Apple’s second quarter earnings call revealed a year-on-year drop in revenue for the first time since 2003, but CEO Tim Cook says demand for the new iPhone SE is “very strong,” with units in short supply.

The iPhone SE is Apple’s first 4-inch handset in three years, packing impressive specs into a small form factor. It’s also more affordable that Apple’s larger models. These facts combined mean that the SE has exceeded expectations, despite early reports of slow sales. The target audience for the device could make it more of a slow burner; a choice for customers due an upgrade, rather than something to rush out an buy on launch day. Whatever the reason, Cook says the company is “thrilled” with the response: “it is clear that there is a demand there even much beyond what we thought.”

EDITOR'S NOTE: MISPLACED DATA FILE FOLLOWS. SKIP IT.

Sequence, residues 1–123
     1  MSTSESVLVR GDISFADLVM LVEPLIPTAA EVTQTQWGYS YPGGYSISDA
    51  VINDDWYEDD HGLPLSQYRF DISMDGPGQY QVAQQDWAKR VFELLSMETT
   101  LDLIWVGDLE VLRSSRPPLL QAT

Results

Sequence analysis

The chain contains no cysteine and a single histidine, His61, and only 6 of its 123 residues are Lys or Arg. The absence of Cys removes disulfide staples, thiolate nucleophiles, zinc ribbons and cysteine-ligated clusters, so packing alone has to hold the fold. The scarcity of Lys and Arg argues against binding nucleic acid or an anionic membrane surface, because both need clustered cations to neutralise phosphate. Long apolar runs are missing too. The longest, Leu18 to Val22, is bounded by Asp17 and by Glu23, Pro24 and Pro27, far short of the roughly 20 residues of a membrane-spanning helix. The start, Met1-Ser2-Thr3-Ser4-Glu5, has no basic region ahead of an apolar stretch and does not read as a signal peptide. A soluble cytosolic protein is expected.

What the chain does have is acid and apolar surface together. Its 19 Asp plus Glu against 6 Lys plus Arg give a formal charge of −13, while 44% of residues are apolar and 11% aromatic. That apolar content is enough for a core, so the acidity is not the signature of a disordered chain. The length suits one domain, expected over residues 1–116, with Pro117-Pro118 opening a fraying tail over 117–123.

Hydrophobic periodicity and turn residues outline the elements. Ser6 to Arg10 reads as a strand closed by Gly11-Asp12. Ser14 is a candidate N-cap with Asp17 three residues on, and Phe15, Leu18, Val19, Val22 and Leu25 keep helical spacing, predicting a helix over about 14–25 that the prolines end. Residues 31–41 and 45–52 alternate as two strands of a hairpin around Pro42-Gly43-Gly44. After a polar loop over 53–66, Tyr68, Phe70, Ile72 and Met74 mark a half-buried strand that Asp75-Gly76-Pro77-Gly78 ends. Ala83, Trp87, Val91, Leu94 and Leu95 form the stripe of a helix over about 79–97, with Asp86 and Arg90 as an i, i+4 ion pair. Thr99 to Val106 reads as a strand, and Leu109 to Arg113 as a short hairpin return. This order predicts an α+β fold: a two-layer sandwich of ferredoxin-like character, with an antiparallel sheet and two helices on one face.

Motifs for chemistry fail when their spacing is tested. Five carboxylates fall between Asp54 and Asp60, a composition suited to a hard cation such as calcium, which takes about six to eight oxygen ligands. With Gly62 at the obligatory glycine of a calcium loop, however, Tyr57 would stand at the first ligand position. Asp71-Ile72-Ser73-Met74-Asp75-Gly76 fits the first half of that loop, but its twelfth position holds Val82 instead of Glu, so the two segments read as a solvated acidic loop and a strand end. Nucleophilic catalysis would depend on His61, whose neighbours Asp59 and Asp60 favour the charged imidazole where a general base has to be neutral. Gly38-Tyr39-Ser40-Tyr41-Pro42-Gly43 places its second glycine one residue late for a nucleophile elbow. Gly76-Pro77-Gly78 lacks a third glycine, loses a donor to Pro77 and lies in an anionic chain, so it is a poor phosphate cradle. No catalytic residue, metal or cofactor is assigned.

Meanwhile, Apple’s revenue is down slightly based on the same period in 2015 – a mere $50 billion or so compared to $58 last time round. It’s hard to feel too sorry for Apple when the numbers are still so astronomical, but this is the first time in thirteen years that Apple has failed to grow year-on-year. Cook claims this slight dip is due to external factors and shouldn’t worry anyone: “our team executed extremely well in the face of strong macroeconomic headwinds.” Right.

Although detractors may point to this as the start of some kind of epic demise for Apple, it’s worth noting that the company’s revenues still make up more than 40% of the total combined revenue of Silicon Valley’s top 150 companies. That’s just crazy.